Nevertheless, last May the Dallas felony judges (the misdemeanor judges are working on their own plan) began to devise a strategy to implement the new legislation. Dean chaired that portion of the committee that designed a judicial wheel, a master list of all qualified attorneys who will be court-appointed according to their order on the list.
The committee's work has resulted in the Dallas Plan, which Dean hopes will be "a model for the state." It sets out a list of objective qualifications that lawyers must meet if they wish to be placed on the wheel. Based on an intricate grading system that considers years in practice, trial experience, legal education and ethical violations, lawyers will be qualified to receive appointments at four possible levels. The highest level is reserved for those qualified to represent indigents charged with the most severe cases: first-degree felonies such as murder and aggravated sexual abuse. But just because an attorney meets the minimum level of competence, that doesn't guarantee him a spot on the wheel. A majority of the county's 15 criminal district judges must then approve the person in a "secret" and anonymous vote, deciding not only at what level the attorney should be ranked, but if the attorney should be on the list at all. So if a judge has a personal dislike for or distrust of a particular lawyer, he can lobby his brethren to keep the attorney off the wheel altogether. The attorney, however, has little recourse to contest the majority's decision.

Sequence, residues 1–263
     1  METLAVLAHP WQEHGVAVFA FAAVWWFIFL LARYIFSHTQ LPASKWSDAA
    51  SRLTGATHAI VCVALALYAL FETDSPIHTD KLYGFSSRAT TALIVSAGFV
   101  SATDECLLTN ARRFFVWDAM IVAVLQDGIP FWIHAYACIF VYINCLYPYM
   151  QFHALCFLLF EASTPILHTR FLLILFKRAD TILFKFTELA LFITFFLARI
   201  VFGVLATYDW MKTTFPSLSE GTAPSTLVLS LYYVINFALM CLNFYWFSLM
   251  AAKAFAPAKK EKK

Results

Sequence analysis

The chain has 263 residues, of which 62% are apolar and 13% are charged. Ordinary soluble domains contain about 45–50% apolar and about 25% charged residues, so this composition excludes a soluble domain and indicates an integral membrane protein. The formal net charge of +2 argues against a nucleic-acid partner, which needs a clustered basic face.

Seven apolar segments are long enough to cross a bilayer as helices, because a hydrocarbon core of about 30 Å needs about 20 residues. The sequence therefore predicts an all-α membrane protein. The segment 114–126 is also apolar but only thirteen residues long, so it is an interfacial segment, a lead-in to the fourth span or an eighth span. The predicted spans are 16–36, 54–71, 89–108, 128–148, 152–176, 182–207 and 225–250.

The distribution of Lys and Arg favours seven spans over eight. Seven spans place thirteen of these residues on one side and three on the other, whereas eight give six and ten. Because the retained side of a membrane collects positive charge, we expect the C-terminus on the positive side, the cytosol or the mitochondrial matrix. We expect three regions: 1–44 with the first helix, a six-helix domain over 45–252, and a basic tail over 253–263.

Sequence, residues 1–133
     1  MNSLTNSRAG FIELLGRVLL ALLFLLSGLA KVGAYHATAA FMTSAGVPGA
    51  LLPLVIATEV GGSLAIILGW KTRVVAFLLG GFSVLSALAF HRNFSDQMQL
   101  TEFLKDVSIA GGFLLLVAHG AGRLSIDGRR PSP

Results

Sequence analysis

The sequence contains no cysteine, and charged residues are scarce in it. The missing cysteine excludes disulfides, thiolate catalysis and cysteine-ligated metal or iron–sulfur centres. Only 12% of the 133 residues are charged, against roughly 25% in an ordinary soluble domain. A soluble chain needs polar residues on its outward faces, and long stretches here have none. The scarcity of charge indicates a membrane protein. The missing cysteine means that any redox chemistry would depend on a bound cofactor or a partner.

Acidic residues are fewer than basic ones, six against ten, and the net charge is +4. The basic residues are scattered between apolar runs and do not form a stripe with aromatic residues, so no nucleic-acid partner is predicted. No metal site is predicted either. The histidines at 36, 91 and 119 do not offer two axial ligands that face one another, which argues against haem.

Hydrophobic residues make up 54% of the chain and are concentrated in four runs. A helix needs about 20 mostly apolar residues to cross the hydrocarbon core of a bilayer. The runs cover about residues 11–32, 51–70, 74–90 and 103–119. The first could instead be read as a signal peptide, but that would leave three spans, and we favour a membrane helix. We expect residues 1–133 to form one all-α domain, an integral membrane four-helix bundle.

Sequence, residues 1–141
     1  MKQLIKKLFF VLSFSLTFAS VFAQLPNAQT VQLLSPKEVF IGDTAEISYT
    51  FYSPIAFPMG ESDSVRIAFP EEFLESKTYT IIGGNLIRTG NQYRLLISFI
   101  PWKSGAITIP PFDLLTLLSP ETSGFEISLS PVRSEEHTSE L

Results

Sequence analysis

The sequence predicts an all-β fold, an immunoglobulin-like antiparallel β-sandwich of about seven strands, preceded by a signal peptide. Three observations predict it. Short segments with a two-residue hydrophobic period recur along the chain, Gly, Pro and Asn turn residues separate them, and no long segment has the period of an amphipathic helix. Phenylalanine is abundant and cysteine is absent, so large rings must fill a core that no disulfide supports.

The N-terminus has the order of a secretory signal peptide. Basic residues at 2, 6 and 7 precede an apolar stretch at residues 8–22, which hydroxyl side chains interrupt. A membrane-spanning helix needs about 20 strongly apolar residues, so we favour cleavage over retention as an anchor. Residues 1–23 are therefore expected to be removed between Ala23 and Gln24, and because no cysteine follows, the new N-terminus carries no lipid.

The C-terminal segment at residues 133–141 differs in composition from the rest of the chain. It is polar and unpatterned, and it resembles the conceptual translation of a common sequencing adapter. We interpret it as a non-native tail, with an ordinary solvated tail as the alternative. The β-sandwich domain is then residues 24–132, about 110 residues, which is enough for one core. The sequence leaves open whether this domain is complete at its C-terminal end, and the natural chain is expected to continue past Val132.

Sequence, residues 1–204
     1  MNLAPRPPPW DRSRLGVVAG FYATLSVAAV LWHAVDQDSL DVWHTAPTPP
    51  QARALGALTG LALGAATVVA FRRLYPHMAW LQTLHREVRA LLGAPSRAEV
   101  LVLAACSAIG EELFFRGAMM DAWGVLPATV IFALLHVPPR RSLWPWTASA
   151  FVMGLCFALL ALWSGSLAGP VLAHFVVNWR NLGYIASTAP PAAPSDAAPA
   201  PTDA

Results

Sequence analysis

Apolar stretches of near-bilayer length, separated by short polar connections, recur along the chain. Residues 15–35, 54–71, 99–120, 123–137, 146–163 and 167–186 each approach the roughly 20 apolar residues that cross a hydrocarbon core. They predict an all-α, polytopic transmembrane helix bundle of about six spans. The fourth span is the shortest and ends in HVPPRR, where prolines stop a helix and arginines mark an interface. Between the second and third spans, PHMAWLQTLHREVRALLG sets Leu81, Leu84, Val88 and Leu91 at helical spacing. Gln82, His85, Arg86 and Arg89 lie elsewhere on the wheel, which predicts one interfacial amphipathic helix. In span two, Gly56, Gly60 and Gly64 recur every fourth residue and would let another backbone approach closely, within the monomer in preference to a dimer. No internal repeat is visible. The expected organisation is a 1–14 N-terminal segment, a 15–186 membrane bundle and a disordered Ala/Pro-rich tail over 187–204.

"There needs to be some way to appeal that decision," says one Dallas criminal-defense attorney. "The vote is secret, and the decision might be based on a lawyer's reputation for being difficult, even though he fights like hell for his clients."
For "good cause," a judge can also skip an attorney whose name comes up next on the wheel as long as the attorney is returned to the top of the list. "The main concern of the plan was that you would have a person appointed that just didn't have any business representing someone in that situation," Dean says. "A lot of our cases are in the brain-surgery category, and we don't want a general practitioner to handle them."
Dean admits the Dallas Plan is still "a work in progress," which is why it can be changed by a two-thirds vote of the judges. Dallas is far ahead of most of the other counties, some of whose judges have decided to do nothing because they "believe that the statute is unconstitutional anyway," says Dean. Also, since the law does not mandate the use of any one indigent-defense system, a county might decide the system it has in place is just fine.
Texas Appleseed believes that Dallas has the right idea. "A qualification scheme is very much in line with the spirit of [the Fair Defense Act]," LoVoi says. "What Dallas is doing is heartening. Of course, the devil is in the details."